The Wheeler-Evans Grain Elevator in Groom, Texas. Image credit:TexasScapes., Noel Kerns
No way a transnational company like Cargill feels its markets are threatened by the US locavore movement. How, though, do we explain a top executive at the Maryland-based grain trader stating that the notion that countries "can be self-sufficient in every single food is a nonsense". (so quoted in Financial Times) That's more of a food hyperbole than a logical argument against self sufficiency efforts. Self sufficiency politics represent a push-back against government incentives for bio-fuel production, which trade fuel-insecurity for food-insecurity.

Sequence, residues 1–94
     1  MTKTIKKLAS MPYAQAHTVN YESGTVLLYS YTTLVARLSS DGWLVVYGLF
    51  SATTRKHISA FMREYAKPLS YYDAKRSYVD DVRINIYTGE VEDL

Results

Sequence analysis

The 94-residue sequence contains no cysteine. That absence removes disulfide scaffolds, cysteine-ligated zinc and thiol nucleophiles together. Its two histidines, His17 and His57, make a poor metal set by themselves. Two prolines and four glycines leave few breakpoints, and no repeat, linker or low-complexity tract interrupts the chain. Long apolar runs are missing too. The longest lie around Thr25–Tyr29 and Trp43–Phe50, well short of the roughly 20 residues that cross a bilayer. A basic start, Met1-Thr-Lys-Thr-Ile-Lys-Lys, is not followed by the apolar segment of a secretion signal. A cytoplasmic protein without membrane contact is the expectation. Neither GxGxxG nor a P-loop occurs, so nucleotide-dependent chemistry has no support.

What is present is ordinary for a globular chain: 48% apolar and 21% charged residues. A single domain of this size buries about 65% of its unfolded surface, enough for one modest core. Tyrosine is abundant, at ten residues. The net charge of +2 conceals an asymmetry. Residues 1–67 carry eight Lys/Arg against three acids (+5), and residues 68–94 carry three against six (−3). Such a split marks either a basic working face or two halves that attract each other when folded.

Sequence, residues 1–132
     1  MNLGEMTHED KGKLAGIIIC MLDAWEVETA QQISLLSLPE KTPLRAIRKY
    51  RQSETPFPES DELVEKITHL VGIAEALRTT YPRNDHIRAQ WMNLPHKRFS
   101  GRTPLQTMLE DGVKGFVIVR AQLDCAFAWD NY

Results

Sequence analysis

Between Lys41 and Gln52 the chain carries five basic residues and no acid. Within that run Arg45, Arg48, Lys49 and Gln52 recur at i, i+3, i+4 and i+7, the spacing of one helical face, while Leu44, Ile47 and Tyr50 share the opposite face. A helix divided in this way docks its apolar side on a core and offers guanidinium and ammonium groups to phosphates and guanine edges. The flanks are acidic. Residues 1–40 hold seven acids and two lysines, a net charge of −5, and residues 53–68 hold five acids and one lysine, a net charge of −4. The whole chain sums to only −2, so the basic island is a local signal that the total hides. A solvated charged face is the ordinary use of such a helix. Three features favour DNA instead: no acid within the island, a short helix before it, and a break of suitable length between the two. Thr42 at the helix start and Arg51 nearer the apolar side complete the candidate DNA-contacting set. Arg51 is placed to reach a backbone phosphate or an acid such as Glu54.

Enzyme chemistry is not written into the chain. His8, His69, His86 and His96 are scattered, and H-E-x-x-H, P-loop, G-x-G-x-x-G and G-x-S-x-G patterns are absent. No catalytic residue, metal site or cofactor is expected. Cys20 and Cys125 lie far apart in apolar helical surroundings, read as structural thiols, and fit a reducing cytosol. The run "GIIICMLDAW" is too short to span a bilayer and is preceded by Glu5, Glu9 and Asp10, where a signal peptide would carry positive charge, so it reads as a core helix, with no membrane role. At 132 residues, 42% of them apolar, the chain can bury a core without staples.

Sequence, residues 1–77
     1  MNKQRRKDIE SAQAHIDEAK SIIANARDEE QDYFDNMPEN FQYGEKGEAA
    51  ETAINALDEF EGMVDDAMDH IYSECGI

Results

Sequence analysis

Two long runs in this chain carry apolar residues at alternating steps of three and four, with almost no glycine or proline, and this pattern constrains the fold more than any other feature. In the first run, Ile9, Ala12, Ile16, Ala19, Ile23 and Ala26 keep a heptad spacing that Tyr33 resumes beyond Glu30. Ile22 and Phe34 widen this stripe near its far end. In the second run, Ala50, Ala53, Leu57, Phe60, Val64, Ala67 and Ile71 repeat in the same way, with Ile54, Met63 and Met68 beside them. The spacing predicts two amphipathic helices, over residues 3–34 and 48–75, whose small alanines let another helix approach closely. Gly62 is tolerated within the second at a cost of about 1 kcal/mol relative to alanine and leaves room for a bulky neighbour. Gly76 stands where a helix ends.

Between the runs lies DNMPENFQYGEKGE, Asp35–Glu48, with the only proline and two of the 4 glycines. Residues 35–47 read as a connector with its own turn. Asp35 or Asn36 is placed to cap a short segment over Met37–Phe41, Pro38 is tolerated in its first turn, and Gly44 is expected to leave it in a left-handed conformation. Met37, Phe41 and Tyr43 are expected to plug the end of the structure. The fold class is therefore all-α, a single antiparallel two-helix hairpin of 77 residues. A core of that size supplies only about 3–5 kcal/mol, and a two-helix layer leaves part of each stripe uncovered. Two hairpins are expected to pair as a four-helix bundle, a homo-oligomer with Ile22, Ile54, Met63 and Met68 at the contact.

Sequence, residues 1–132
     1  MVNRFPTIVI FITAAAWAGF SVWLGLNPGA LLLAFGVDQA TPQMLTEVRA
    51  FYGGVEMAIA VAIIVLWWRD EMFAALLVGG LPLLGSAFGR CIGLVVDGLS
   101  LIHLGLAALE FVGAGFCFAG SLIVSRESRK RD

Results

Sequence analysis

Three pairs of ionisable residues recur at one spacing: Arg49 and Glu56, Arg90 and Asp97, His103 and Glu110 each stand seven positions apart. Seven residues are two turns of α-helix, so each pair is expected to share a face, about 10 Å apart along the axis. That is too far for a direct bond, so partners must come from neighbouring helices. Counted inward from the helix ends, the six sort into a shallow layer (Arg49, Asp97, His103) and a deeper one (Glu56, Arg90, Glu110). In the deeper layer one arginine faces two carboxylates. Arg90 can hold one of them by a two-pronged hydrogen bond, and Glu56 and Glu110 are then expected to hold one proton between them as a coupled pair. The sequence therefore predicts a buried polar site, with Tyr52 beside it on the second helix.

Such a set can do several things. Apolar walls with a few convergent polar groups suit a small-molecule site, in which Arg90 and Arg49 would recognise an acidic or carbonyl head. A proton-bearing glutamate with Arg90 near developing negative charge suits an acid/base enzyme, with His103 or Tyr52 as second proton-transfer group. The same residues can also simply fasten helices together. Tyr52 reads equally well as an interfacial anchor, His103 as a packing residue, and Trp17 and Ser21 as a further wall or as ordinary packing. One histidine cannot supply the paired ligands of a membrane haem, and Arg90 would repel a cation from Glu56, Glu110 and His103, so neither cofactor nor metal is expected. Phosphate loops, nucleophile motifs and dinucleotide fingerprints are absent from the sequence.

Efforts by Asian business and government to buy and control overseas farm land and water resources are different: it is the end game choice after overpopulation, water pollution, and soil erosion from poor land management have taken their toll.Export tariffs are not a sustainable solution, I'd agree. Export bans to avert local price spikes driven by world market demand peaks are probably what he is really concerned with.
Who gets the microphone?
It would be better if experts without direct financial interest would be more prominently quoted. Probably too much to hope for, given the recent history of corporate backed voices sowing confusion about climate science.
The warning by the world's largest trader of agricultural commodities comes ahead of the UN World Summit on Food Security in Rome, the first since 2002. The summit was prompted by the surge in the price of staples such as rice and wheat, which last year hit record highs, sparking food riots in countries from Bangladesh to Haiti.
More posts on food security.
The Copenhagen Conference on Food Security :
Hillary Clinton Announces Obama's New Global Food Security